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Display of skill

20 June 2014


NOTHING was going to stop me watching television last Saturday. A treat that comes round at far too long an interval - a glorious display of skill, colour, and movement, the result of months of arduous training and long tradition, an expertise at which our country is an acknowledged world leader, played out on an arena surrounded by huge enthusiastic crowds.

Having made my own domestic preparations, tasty supper and stimulating beverage to hand, I settled down expectantly, proud to belong to a nation united around its TV screens. At last, the moment had arrived: it was time to watch Trooping the Colour Highlights (BBC2, Saturday).

The Queen's birthday parade is an extraordinary spectacle - a combination of absurdity and symbolic profundity. What could be more ludicrous than training our soldiers so that they can walk past the standard of their battalion, first in slow time then in quick, so that, in the heat of battle, they will always recognise their own flag - except that no standard has been borne into conflict for well over a century, or ever will again?

And yet commanders tell us that soldiers trained in this way display a fiercer loyalty and comradeship than any other, behave with greater discipline, and feel a closer link to the Sovereign. It is a curious process, forcing men to march in complex patterns, all individuality suppressed into machine-like conformity until the whole develops its own corporate personality.

Of course, readers of this paper scan these proceedings with a professional eye; for is not what we have here an essentially liturgical rite, exemplar of that crucial process of getting numbers of people on and off stage in the right order, standing in the right place at the right time, neither knocking into each other nor falling over? In other words, it is exactly like the Sunday service.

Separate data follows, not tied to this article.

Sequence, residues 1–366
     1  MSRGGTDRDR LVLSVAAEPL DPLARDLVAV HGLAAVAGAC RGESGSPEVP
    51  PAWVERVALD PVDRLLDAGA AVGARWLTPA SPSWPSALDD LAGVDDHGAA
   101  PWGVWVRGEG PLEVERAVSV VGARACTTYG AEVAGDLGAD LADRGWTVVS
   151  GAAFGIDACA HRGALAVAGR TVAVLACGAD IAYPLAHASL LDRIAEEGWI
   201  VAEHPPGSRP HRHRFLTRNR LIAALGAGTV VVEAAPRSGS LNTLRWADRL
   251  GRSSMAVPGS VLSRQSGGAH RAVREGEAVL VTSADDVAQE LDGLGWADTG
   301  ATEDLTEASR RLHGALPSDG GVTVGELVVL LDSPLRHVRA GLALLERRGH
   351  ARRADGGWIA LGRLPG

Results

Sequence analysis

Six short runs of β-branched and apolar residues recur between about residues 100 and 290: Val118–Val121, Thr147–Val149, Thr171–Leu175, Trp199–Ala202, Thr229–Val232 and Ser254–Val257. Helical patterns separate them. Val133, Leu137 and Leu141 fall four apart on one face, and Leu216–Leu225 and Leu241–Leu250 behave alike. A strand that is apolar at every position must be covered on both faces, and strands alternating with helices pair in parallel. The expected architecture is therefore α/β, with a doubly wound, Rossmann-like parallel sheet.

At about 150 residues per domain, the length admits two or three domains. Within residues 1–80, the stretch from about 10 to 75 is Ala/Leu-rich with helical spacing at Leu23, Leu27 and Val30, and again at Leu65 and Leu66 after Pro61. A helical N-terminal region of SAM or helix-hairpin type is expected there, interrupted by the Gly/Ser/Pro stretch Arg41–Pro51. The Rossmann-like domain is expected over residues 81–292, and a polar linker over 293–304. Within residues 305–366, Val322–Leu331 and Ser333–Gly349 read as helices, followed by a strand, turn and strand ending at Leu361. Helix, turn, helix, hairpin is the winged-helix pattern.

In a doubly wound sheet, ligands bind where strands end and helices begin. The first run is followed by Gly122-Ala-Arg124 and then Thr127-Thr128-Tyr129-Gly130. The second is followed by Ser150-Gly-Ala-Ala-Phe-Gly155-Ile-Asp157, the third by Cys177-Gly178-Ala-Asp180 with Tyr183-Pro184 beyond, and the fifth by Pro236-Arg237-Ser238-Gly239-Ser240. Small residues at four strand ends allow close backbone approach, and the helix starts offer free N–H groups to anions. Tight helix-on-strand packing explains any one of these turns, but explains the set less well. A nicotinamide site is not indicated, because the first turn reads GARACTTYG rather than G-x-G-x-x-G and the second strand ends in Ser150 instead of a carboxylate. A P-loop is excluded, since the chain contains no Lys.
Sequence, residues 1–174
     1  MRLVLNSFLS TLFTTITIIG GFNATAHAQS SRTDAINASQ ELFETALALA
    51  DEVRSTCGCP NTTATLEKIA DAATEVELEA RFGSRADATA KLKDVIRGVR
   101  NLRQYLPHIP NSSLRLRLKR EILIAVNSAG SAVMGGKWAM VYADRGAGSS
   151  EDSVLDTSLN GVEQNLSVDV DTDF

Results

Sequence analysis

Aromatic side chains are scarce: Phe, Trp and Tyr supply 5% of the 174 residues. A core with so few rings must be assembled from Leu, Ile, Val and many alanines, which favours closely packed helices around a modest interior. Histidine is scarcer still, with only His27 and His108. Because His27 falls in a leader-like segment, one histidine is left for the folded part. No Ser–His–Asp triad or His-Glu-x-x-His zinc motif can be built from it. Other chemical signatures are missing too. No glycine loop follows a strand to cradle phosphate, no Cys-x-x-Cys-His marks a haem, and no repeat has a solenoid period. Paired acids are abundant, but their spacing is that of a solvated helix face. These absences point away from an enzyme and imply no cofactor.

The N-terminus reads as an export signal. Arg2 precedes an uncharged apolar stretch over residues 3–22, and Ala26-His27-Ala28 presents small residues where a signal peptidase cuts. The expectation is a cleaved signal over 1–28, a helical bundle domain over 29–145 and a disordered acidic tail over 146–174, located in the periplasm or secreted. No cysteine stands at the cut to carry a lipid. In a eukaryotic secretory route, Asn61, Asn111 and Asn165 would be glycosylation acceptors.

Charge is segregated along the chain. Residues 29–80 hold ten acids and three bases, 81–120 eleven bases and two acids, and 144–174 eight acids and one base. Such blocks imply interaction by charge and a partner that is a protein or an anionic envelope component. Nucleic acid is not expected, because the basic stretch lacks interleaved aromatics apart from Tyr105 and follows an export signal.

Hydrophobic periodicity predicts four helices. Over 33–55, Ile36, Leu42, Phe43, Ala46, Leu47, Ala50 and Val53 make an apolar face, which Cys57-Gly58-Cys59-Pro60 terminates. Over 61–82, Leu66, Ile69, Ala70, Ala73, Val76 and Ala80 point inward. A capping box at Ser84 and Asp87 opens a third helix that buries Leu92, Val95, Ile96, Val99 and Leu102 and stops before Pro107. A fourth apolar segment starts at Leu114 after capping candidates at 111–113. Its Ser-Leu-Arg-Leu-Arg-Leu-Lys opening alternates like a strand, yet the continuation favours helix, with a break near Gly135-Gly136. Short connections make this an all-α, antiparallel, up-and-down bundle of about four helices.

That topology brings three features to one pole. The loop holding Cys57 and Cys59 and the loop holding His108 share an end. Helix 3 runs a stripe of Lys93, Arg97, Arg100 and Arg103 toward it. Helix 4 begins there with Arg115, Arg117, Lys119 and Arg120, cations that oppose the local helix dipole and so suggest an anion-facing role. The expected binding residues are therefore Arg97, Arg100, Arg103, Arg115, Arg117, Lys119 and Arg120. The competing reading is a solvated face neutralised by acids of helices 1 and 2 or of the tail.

I am fully aware that a great deal of attention was focused on the heart of the Amazonian rainforest, and last week two contrasting programmes took us thither. In David Beckham into the Unknown (BBC1, Monday of last week), we followed the retired footballer on a motorbike adventure with a few mates, in the jungle, eager to find somewhere in the world where his celebrity would go unrecognised.

All the evidence suggests that he is an nice man, unspoilt by his fame; but the effectiveness of this pleasant programme was undercut by the way in which every native tribesman encountered was asked whether or not he could identify the tattooed stranger. I imagine that the supporting film crew was a bit of a give-away, too.

Far more serious, in the third episode of I Bought a Rainforest (BBC2, Sunday), the professional wildlife photographer Charlie Hamilton-Jones underwent a radical moral crisis. Having bought 100 acres in Peru with the express aim of maintaining its bio-diversity, and thwarting the illegal logging which is destroying it in favour of cattle ranching, he came to know the men he had considered the enemy.

Seeing them as people, and understanding their desperate poverty, effected a remarkable conversion: he now works with them, seeking a sustainable way forward that can accommodate human society and the wild forest.

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